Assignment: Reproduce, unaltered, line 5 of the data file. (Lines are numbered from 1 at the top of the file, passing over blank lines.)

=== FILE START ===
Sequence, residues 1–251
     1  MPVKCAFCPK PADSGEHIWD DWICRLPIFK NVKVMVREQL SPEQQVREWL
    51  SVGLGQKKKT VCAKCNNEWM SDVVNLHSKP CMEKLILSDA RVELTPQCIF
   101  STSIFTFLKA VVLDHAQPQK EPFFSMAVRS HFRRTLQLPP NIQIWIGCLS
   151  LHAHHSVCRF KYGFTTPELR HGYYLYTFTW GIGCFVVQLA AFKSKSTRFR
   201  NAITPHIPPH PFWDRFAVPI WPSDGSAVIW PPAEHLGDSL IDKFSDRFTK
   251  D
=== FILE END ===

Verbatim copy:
   151  LHAHHSVCRF KYGFTTPELR HGYYLYTFTW GIGCFVVQLA AFKSKSTRFR